FORMAN v. TAY

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Howard C. FORMAN, as Clerk of the Circuit and County Courts of Broward County, Appellant, v. Charles TAY, Appellee.

No. 4D14–3413.

Decided: December 16, 2015

Donna M. Krusbe and Ginger E. Wald of Billing, Cochran, Lyles, Mauro & Ramsey, P.A., West Palm Beach, for appellant. Greg Chonillo, Coral Gables, for appellee Fire Line Bail Bonds.

Appellant Howard Forman, the Clerk of Court for Broward County (“Clerk”), appeals the trial court's order granting the Surety's1 motion to set aside a bond forfeiture and exonerate the bond. Because the trial court properly interpreted the language of section 903.31(1), Florida Statutes (2014), we affirm its decision.

Background

Nominal Appellee Charles Tay was charged with trafficking cocaine and conspiracy to traffic cocaine. The Defendant pled not guilty and posted a $75,000 bond on February 11, 2010. After a considerable delay, the case was set for a change of plea hearing on June 12, 2014. Defendant failed to appear. That same day, the trial court issued a capias; and the following week it estreated the bond.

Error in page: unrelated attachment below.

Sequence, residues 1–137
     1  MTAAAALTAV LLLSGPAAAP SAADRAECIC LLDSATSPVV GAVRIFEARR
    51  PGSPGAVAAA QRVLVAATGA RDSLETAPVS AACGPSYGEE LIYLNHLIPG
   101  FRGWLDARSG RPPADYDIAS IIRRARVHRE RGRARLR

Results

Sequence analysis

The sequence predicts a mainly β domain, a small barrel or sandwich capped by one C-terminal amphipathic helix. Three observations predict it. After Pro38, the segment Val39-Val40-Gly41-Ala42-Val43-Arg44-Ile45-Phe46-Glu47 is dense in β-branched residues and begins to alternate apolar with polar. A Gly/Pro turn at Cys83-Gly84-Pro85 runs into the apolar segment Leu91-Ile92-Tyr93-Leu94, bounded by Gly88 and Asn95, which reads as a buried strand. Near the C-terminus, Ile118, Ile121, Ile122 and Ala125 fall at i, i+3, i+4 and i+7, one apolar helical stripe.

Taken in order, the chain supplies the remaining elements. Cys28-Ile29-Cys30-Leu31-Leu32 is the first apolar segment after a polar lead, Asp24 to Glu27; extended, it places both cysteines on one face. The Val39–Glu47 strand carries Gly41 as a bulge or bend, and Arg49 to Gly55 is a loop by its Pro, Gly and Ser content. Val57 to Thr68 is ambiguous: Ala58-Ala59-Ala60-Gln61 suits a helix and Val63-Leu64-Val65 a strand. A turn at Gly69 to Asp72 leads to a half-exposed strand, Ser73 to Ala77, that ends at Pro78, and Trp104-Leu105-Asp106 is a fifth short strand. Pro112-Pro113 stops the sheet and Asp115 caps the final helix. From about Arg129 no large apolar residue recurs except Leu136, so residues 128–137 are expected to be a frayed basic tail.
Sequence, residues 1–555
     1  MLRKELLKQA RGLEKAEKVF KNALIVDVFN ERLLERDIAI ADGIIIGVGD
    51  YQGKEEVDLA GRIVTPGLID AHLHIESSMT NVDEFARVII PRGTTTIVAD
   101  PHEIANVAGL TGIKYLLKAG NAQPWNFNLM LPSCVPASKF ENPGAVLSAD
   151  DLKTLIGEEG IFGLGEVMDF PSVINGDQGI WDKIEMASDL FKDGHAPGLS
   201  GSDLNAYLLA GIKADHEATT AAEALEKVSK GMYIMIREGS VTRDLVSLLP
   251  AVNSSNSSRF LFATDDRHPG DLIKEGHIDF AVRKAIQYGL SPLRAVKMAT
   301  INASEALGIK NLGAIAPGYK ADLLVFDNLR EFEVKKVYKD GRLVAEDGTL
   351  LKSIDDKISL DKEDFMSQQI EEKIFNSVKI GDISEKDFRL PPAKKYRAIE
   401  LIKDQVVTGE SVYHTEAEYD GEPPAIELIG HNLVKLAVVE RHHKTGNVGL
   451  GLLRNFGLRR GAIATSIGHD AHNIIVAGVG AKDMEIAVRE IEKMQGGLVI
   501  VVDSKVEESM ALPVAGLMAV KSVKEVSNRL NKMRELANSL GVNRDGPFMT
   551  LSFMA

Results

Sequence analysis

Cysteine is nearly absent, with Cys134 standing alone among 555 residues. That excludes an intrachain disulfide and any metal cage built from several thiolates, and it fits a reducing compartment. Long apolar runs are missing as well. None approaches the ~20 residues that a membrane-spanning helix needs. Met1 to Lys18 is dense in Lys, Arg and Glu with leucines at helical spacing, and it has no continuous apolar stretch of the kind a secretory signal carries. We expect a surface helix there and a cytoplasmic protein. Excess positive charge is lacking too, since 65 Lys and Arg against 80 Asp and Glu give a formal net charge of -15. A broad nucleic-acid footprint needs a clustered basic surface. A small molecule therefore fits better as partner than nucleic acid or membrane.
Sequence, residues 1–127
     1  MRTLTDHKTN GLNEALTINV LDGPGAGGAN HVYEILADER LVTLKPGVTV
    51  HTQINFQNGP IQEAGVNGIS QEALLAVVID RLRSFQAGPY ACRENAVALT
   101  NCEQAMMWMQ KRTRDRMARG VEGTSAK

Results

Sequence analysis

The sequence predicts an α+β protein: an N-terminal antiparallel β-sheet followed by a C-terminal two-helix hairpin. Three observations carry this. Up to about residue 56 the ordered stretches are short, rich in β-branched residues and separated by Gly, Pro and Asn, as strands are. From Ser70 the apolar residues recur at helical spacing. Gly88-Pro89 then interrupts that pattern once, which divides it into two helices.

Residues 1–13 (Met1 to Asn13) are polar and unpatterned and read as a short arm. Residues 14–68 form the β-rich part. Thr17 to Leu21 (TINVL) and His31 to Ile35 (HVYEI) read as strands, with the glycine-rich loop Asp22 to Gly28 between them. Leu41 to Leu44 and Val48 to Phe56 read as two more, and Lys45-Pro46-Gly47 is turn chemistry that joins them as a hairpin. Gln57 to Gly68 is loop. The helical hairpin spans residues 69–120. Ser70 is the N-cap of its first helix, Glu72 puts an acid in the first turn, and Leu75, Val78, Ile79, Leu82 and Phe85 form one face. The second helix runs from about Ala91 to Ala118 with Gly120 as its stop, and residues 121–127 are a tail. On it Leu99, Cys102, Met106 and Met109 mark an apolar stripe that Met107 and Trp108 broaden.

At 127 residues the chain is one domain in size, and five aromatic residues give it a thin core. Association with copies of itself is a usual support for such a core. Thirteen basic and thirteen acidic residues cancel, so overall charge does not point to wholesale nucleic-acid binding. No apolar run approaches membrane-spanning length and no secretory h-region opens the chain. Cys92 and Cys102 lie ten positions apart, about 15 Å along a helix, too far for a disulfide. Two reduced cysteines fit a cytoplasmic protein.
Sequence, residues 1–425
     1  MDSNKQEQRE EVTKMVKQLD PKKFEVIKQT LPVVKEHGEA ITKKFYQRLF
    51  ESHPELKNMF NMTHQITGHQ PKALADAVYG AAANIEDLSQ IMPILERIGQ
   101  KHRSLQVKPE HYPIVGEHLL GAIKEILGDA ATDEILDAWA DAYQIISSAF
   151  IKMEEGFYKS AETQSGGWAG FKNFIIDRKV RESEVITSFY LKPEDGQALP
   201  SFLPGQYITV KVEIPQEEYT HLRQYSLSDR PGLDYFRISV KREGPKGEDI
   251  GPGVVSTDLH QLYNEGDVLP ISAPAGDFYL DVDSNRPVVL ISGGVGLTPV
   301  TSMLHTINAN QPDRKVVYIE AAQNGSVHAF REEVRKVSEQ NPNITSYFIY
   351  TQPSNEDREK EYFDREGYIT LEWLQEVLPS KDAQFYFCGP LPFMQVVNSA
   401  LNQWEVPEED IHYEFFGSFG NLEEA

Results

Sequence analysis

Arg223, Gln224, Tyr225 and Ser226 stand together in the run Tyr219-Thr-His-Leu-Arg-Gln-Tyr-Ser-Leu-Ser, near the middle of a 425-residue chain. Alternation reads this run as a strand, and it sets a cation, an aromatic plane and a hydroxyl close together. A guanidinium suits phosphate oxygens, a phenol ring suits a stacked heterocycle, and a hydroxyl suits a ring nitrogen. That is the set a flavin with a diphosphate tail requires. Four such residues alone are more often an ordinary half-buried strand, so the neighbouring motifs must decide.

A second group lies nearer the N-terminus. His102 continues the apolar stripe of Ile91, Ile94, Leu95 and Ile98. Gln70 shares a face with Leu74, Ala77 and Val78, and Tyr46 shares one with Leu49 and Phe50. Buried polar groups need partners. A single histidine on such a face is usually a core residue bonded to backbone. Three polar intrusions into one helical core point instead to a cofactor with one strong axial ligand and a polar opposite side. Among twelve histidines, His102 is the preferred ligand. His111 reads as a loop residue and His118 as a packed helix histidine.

On August 6, 2014, the Surety moved to set aside the bond forfeiture and to exonerate the bond, arguing that under section 903 .31(1) the bond had expired prior to the bond being forfeited or revoked. The Clerk argued the Surety, having custody over the Defendant, had an obligation to return the Defendant to custody. The Clerk further maintained the plain language of the statute excluded the bond from expiring where it had been forfeited by the Defendant's nonappearance. The Clerk argued that this statutory provision is unambiguous and does not apply when the bond has been forfeited.

The trial court seemingly indicated that the statute was ambiguous because the parties arrived at opposite interpretations of the statute's plain language. The trial court ultimately found that the use of the word “shall” in the statute was dispositive and ruled in the Surety's favor, setting aside the bond forfeiture and exonerating the bond.

Analysis

Section 903.31(1) states:

Within 10 business days after the conditions of a bond have been satisfied or the forfeiture discharged or remitted, the court shall order the bond canceled and, if the surety has attached a certificate of cancellation to the original bond, the clerk of the court shall mail or electronically furnish an executed certificate of cancellation to the surety without cost. An adjudication of guilt or innocence, an acquittal, or a withholding of an adjudication of guilt shall satisfy the conditions of the bond. The original appearance bond shall expire 36 months after such bond has been posted for the release of the defendant from custody. This subsection does not apply to cases in which a bond has been declared forfeited.